What do you think of when you hear the term “Pop Art”? Probably the first image that comes to mind is one of Roy Lichtenstein’s cartoon-strip paintings or Andy Warhol’s portraits of Marilyn Monroe. But did you know that Andy Warhol also created multiple portraits of a Japanese woman? These screenprints of an elegant Japanese woman in a kimono are rendered in the vibrant colors characteristic of Warhol’s work. But who is that mysterious beauty he chose as his subject? It’s Kimiko Powers, who with her late husband John amassed one of the most comprehensive collections of Pop Art in private hands. She was in Tokyo for the opening of “American Pop Art: From the John and Kimiko Powers Collection” at the National Art Center, Tokyo in Roppongi, and “American View” had an opportunity to speak with her there.
Connections between Artist and Collector
“He created portraits of Marilyn Monroe and other famous and beautiful women, like Jacqueline Kennedy and Liz Taylor,” explained Kimiko. “Apparently he was becoming increasingly interested in doing portraits of regular people as well and hoped to become a portrait artist some day. Well, I just happened to be close at hand when he started out.” Despite Kimiko’s modesty, there’s no doubt that Warhol sought her out as a subject, because he apparently asked her if he could do a portrait of her each time she changed her hairstyle! And meeting her, it’s easy to understand why. She walked into the gallery for our appointment looking dreamy in a billowy white tunic by Issey Miyake and a stunning limited-edition gold necklace designed by Pablo Picasso.
Besides the portraits of Kimiko, the Powers collection includes one of Andy Warhol’s most important paintings, “200 Campbell’s Soup Cans,” as well as representative works by American Pop Art icons Roy Lichtenstein, Claes Oldenburg, James Rosenquist, Tom Wesselmann, and by their precursors Robert Rauschenberg and Jasper Johns. John and Kimiko Powers began collecting Pop Art from its early stages in New York. Looking around the gallery, one can see that their collection is an eclectic mixture that spans a wide range of artists, media, and styles. “We didn’t buy the pieces in our collection by thinking about whether they were Pop Art or not,” says Kimiko. On the contrary, they based their purchases on their own personal preferences – whether the artwork appealed to them or not.
What Constitutes “Art”?
So how does an art collector draw the line between what constitutes art and what doesn’t? That’s what one Facebook user wanted to know when we invited people to submit questions for Kimiko Powers via the U.S. Embassy’s “ConnectUSA” Facebook page. “I don’t think I made that distinction,” replied Kimiko. “I think history decides if a person is an artist or not based on whether they make it as an artist.”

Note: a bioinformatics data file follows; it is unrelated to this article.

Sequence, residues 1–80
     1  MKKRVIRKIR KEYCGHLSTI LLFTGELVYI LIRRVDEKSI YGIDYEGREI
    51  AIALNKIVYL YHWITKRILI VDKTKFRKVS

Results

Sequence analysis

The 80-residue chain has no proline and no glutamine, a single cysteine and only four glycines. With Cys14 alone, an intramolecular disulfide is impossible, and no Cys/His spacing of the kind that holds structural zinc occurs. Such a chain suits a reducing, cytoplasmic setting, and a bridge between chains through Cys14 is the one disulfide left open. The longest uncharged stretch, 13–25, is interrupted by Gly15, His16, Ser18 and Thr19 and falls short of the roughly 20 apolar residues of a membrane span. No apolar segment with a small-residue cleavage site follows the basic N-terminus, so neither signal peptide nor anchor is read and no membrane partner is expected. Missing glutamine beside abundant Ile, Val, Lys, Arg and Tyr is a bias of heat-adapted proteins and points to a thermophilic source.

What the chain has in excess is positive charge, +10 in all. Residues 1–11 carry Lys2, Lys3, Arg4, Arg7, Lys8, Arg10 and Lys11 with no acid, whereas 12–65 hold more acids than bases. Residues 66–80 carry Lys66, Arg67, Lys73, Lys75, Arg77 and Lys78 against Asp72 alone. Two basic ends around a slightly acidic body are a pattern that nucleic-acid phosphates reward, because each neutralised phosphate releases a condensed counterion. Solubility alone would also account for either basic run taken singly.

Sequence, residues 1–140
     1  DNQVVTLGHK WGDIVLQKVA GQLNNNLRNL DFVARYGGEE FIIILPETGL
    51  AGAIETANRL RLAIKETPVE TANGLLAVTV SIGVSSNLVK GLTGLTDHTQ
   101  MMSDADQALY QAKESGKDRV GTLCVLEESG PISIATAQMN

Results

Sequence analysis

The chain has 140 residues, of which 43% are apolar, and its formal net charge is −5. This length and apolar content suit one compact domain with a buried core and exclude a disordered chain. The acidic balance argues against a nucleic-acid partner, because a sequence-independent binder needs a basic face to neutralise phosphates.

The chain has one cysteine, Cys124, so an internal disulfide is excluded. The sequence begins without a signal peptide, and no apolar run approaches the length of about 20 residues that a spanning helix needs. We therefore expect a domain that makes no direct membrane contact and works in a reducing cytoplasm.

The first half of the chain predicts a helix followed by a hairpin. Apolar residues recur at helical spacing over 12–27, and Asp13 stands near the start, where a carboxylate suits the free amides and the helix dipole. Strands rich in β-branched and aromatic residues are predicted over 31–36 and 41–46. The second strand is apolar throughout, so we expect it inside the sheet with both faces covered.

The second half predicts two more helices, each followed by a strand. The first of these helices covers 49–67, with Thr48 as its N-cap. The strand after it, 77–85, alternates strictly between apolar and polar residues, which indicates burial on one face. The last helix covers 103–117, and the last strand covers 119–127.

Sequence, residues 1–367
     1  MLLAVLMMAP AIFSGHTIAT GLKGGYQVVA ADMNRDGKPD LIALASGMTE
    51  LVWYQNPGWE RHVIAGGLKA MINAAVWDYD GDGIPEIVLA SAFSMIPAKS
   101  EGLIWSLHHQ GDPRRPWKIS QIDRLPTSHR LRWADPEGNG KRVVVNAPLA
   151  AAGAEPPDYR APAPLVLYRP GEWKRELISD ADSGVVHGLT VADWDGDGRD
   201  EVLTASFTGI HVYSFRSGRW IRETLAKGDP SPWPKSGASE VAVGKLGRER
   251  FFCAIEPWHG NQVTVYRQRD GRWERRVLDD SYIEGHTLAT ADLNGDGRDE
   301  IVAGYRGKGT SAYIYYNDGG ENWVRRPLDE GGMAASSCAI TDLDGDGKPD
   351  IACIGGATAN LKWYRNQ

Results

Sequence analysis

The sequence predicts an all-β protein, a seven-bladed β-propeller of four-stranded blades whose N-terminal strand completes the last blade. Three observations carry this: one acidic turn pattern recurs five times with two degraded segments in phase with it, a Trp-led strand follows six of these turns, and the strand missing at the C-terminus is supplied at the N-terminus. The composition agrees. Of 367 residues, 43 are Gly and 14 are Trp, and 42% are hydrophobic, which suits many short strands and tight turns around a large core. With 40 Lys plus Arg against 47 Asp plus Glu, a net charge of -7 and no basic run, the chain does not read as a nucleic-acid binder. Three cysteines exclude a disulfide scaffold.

John and Kimiko Powers lived in New York during the 1960s, when a new generation of artists was emerging that borrowed images from popular culture, drawing their inspiration from common household items, advertisements, and mass media. These artists challenged the notions of what was considered “fine art” and what it meant to be an artist. Collectors like John and Kimiko Powers supported them not only by purchasing their work at a time when people were still questioning whether or not it was really “art,” but also by visiting galleries to see their work and interacting with them in their studios.
Immersion in American Society
When Kimiko left Japan and moved to New York, she immersed herself in the English-speaking world as well as the art scene. She jumped headfirst into American society by socializing with Americans and communicating in English. She advises young people who want to study abroad in the U.S. to do the same: “It might sound a bit severe, but if you don’t stop spending time with Japanese and using only Japanese in your daily life when you go to America, you’ll be taking Japan right along with you. So in terms of learning the language, I think you should surround yourself with Americans and avoid using Japanese. By doing so, your English will improve twice as fast.” She added that although she certainly didn’t avoid associating with other Japanese, there just didn’t happen to be any Japanese in her immediate vicinity when she first moved to the U.S. and she realized that being surrounded by Americans is a very efficient way to become fluent in English.
As art collectors, John and Kimiko trusted their instincts and took risks. By doing so, they had a major impact on the art world and played a role in shaping the lives of the artists they supported. Even after John passed away in 1999, Kimiko has continued to devote her time and energy to sharing their collection with the world. She hopes that today’s aspiring young artists will also search for unique ways to express themselves through art: “I think if you pursue something original and strive to create images that are unique to you, then you will become a great artist.”
Art as an Integral Part of Life
Many art collectors keep their treasures locked away in storage or only exhibit them in museums. John and Kimiko, however, wanted to be surrounded by art in their daily lives. As their collection grew and their apartment in New York became too small to enjoy the art they loved so much, they designed and built a house in Colorado where they could display more of their collection. They even adjusted the room layout to accommodate their favorite works of art. “Art is an integral part of my life,” says Kimiko. “Honestly, I’ve never been that conscious of it. I feel like art is something that’s always around me.”
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